Matan Hermoni On:
The Letter by Yossel Birstein
Yossel Birstein was what you would call a writer’s writer—he was always there, but slightly offstage; he chose to write in Yiddish (and only in the last part of his literary career began writing in Hebrew); he touched on burning issues but not only on these issues, and what’s more, he applied elaborate literary techniques, which also demand reading skills in order to detect—and at the same time do not burden or hinder the joy of reading. Birstein is seemingly a natural storyteller. The story as if pours out of him, flows. And you need to go back and read the story again to understand what exactly he did there. After all, a story doesn’t emanate from itself; someone tells it, and someone writes it.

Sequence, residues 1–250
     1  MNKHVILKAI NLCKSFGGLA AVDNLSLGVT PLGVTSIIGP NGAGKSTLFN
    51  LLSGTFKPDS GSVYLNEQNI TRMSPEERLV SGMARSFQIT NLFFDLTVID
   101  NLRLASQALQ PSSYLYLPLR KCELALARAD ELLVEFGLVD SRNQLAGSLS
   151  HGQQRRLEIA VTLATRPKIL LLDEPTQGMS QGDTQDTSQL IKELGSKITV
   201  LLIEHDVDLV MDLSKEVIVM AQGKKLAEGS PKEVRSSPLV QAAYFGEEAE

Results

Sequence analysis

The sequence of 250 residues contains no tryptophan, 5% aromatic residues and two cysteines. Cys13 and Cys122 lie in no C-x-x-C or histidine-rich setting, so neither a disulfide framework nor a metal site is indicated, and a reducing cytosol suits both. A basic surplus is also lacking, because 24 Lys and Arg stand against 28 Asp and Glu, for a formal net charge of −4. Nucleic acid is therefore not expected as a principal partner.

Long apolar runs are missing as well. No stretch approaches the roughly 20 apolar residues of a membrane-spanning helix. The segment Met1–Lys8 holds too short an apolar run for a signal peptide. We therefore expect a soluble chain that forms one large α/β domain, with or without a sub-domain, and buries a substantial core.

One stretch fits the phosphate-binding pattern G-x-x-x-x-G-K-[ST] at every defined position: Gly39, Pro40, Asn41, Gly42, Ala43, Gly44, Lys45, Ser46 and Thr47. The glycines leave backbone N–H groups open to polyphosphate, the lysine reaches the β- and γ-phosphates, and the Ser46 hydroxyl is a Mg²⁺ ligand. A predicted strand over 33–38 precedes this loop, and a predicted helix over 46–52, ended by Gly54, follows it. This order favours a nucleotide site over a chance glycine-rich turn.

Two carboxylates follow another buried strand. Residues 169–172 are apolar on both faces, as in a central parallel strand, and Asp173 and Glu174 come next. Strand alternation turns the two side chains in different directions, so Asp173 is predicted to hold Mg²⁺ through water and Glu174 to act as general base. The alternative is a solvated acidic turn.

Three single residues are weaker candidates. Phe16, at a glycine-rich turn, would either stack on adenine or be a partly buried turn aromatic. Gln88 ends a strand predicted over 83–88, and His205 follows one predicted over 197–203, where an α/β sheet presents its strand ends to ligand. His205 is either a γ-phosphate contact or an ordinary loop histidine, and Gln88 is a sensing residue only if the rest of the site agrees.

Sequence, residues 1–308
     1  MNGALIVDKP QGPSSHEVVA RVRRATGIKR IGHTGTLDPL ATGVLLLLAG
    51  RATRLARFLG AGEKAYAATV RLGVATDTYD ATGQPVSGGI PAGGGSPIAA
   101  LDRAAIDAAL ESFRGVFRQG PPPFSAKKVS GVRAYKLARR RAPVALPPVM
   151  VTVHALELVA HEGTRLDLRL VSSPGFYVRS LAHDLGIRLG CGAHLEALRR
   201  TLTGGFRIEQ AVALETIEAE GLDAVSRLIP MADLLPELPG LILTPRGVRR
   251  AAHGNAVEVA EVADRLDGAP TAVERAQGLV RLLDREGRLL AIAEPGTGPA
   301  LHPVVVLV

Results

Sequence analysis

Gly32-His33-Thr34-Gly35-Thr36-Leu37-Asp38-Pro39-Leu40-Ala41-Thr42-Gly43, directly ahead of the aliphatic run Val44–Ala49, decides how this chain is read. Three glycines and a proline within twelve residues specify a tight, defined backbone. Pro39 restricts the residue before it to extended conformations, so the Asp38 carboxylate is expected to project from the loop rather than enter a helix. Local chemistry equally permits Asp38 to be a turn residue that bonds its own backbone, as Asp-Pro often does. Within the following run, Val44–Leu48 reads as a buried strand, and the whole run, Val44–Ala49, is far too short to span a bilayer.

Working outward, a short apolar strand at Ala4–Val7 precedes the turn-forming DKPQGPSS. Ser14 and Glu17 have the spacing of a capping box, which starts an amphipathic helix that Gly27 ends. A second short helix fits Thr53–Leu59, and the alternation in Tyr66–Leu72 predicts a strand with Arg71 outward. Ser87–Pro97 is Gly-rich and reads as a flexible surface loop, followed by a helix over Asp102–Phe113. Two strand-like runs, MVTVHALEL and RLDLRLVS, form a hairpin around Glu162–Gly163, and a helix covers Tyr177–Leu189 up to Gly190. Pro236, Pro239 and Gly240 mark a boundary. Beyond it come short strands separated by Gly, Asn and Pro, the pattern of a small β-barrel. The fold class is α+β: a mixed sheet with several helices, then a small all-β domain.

“The Letter” is one of Birstein’s earlier stories; it was published in 1959 in the Yiddish literary quarterly “Di Goldene Keyt”, edited by the acclaimed poet Abraham Sutzkever. Until then Birstein was a shepherd at Kibbutz Gvat, and moved to the city after publishing a novel in Yiddish about life in the kibbutz (“Narrow Paths”, 1958).
From a reality well-known to the Israeli reader—urban Israel in the fifties—emerges a world that is dark and menacing, and at the same time grotesque and funny. Reading the story evokes Israeli literary works that are perhaps more widely known, such as Appelfeld’s first stories from the sixties, and certainly Yaakov Shabtai’s stories from the early seventies. Both read Yiddish and were familiar with Birstein’s work. But Birstein was there first.